Given the following code:

String str1 = new String("Hello");
String str2 = str1;
String str3 = new String(str1);
String str4 = str3;
str4 += " World ";
if (str3==str4)
if (str3.equals(str4))
if (str1==str2)
if (str3.equals(str2))

The output is : Three and Four

I don't get it.. we just did str3 == str4 . how can they NOT refer to the same object..? str3 == str4 seem to be false and I dont get why. In addition, the str3.equals(str4) also return false but I guess that has something to do with the first thing I dont get.

Would love to get an explanation.

  • this is a duplicate, please browse the site for similar questions . :) – PermGenError May 14 '13 at 14:14
  • 3
    duplicate..? how come? I did look for similar questions. – Rouki May 14 '13 at 14:15
  • 3
    str4 += " World "; changes the value of str4 - it's as simple as that. After that statement, str4 refers to a string with contents Hello World but str3 still refers to a string with contents Hello. So they're not only distinct string objects, but objects with different contents. – Jon Skeet May 14 '13 at 14:17
  • 5
    This is not a duplicate. The OP clearly knows how to compare strings, but the confusion comes from misunderstanding of how object references work in conjunction with string immutability. – dasblinkenlight May 14 '13 at 14:17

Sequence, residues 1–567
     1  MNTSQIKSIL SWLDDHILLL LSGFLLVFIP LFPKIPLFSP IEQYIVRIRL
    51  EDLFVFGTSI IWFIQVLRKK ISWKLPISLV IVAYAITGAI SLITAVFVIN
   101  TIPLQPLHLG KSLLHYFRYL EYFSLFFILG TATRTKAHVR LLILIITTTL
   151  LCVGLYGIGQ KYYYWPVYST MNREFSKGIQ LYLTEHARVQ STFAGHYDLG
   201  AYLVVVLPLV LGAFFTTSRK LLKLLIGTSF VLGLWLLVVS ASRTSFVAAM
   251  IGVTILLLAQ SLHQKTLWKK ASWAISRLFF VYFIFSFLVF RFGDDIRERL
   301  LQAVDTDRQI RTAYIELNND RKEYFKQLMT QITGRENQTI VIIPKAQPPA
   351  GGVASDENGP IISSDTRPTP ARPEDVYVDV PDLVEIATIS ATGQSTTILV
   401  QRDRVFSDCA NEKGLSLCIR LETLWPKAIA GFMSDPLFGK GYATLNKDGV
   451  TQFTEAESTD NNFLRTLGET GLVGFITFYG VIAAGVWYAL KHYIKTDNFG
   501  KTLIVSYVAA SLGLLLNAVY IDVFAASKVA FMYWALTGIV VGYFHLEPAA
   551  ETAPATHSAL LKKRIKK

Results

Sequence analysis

• 6
    This question is not about comparison but about the += operator. – Moritz Petersen May 14 '13 at 14:18

Because a String is immutable, the += operator creates a new instance and assignes it to str4. Therefore str4 is not equal str3.

  • Thank you. got it. – Rouki May 14 '13 at 14:20

Here is what happens: str3 and str4 start off referencing the same object. However, since Java String is immutable and thus cannot be modified in-place, this line

str4 += " World ";

results in assigning str4 a reference to a brand-new object. That is why the subsequent comparison str3==str4 fails.

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